Garcetti Focuses On Homelessness And Affordable Housing In State Of The City Address
Secure in his recent reelection, Los Angeles Mayor Eric Garcetti delivered his annual State of the City address Thursday. The mayor focused this year’s policy points on homelessness, rebuilding the city’s infrastructure, job growth, and affordable housing.
“This morning, I’m proud to announce that the budget I am presenting to City Council dedicates more than $176 million to house the unsheltered, connect them with services, and keep our communities safe and clean. We are not here to address homelessness…or manage homelessness …or reduce homelessness…we are here to end homelessness once and for all,” Garcetti said during his State of the City address.
Garcetti then noted the city's goal of building 100,000 new housing units is halfway met. He also discussed a motion put forward by the City Council earlier this year to create an Affordable Housing Linkage Fee.
The fee would be levied on new construction, and would be earmarked by the city for use in constructing new affordable housing units.
"The linkage fee I have proposed will raise $100 million a year, and leverage up to $300 million additional dollars every year for affordable housing. Combined with HHH, this will allow us to more than double affordable housing production," Garcetti said.
But not all agree with Garcetti’s affordable housing proposal.
“It's already far too expensive to build housing in Los Angeles, which is why there is such limited supply and why vacancy rates are at crisis-level lows,” Mott Smith, a developer, said, notes the Los Angeles Times. “We should be doing everything we can to make housing less expensive, not more expensive, to build.”
Garcetti also rolled out a plan to equip the city with an earthquake early-warning system by 2018.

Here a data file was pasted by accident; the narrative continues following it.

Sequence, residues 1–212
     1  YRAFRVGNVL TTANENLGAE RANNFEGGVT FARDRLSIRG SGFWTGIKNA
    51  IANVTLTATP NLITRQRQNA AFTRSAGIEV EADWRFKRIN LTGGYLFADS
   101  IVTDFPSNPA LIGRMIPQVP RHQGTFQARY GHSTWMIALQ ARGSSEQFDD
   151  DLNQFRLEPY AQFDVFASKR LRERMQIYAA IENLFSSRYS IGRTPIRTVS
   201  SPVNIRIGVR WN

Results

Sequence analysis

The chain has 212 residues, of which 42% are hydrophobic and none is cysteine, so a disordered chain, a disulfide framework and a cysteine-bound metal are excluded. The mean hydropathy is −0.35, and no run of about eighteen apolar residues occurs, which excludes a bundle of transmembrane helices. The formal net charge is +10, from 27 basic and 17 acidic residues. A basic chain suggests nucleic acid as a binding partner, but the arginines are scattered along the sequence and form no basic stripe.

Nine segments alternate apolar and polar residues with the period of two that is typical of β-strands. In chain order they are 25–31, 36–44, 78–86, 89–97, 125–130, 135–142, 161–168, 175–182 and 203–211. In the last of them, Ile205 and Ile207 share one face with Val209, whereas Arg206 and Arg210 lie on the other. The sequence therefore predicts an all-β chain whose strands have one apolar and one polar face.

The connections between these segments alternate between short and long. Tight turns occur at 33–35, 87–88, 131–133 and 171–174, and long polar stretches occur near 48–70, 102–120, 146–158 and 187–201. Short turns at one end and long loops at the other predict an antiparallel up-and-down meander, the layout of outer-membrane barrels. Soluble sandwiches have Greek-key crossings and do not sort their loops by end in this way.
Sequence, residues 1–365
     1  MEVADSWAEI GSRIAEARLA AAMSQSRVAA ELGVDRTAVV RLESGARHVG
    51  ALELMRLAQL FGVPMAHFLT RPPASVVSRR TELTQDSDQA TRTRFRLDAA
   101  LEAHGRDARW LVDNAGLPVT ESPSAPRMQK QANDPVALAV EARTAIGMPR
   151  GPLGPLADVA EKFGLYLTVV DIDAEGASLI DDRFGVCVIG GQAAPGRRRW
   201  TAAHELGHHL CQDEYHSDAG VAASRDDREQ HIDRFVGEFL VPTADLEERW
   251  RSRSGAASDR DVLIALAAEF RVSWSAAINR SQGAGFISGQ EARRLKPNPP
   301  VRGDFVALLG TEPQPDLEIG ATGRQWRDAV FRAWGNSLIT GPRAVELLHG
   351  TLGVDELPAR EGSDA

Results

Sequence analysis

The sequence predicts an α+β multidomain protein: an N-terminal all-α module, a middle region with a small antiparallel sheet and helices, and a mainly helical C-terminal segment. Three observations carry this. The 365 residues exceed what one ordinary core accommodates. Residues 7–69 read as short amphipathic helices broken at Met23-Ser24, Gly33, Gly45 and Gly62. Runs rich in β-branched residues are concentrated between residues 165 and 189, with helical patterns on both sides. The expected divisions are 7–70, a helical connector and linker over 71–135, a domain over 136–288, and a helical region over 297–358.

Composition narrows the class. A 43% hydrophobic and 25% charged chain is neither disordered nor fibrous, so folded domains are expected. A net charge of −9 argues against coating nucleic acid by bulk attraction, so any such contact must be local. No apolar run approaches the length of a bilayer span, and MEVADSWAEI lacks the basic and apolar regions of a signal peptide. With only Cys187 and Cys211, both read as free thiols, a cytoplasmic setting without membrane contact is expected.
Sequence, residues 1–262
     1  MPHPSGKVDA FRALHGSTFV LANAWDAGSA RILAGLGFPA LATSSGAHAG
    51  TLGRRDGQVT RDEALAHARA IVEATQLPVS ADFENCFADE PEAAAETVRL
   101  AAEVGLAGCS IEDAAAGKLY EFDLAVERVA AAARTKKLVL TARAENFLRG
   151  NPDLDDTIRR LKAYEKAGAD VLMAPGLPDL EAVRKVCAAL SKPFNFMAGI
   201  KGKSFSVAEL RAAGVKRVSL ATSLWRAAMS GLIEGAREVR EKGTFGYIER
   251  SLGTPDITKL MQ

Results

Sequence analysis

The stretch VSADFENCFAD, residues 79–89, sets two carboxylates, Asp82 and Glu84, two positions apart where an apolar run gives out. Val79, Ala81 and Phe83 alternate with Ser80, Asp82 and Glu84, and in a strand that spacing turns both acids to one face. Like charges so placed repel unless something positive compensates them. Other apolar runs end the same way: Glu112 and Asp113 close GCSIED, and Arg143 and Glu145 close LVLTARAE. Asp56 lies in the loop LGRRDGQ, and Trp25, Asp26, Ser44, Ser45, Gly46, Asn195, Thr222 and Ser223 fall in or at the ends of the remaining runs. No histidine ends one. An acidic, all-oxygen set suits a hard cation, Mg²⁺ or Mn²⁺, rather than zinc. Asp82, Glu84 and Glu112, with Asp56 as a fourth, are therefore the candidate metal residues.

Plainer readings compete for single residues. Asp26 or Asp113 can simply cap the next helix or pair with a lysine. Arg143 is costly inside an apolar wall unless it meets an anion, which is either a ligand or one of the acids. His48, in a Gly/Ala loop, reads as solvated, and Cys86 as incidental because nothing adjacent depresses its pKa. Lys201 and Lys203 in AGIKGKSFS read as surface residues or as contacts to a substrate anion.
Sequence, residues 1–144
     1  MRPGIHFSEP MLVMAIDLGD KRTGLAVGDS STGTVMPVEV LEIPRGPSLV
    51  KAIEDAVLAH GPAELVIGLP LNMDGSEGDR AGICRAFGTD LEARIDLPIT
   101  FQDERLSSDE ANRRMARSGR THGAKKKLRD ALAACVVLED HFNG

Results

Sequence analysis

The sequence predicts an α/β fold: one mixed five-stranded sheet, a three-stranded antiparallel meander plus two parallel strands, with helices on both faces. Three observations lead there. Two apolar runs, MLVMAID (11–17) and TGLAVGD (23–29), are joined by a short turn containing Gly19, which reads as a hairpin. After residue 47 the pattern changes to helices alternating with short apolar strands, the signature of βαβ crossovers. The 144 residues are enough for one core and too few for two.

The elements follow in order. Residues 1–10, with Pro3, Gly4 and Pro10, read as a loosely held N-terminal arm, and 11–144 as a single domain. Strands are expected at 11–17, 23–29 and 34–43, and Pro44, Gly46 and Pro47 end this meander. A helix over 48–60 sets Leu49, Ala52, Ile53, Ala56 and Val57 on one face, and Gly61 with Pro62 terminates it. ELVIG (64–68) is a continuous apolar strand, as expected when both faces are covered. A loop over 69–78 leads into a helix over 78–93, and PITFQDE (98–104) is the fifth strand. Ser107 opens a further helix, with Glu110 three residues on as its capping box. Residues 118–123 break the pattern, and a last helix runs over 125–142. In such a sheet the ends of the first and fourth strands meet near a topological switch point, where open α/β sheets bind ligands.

"Two years ago, we passed the most sweeping seismic retrofit legislation in all of America...Our retrofits are well under way—and when the big one hits, they will save the lives and homes of a half-million people,” the mayor began. ”This year, we are going to build on that work. By the end of 2018, we will deploy an earthquake early-warning system to every corner of this city—in schools, at businesses, even on your smartphone. It will give you a head start when an earthquake is coming—precious seconds that save lives."
The Times also notes that Garcetti is facing a $224 million budget deficit for the next fiscal year.
According to KPCC, City Councilman Paul Krekorian, who chairs the city’s budget and finance committee, raised concern over L.A.’s budgetary woes and the potential of cuts to various city programs.
"I was certainly hoping that we would be in a time now where we could start looking forward to adding services and rebuilding a number of things that now I feel like we need to take a much more cautious approach about."
"We're in uncharted territory," Krekorian later added. "...So there would inevitably be dramatic cuts to the sorts of things that people think a government should provide just to keep people alive."
However, in a press release emailed to LAist, Krekorian responded directly to the proposals laid out in Mayor Garcetti's speech.
“I’m encouraged by the Mayor’s budget proposal and appreciate that he’s supporting the City Council’s work by continuing to fund critical sidewalk and street repair, backing more housing for the homeless, improving the way Los Angeles serves the business community and increasing our investment in public safety. ...But it is absolutely incumbent on the city as a whole to tackle [rising costs] head on and find ways to reduce our liabilities on an ongoing basis. If we don’t, these costs threaten our ability to provide the level of services Angelenos deserve.”
[The article has been updated to clarify and contextualize Coucilman Krekorian's comments]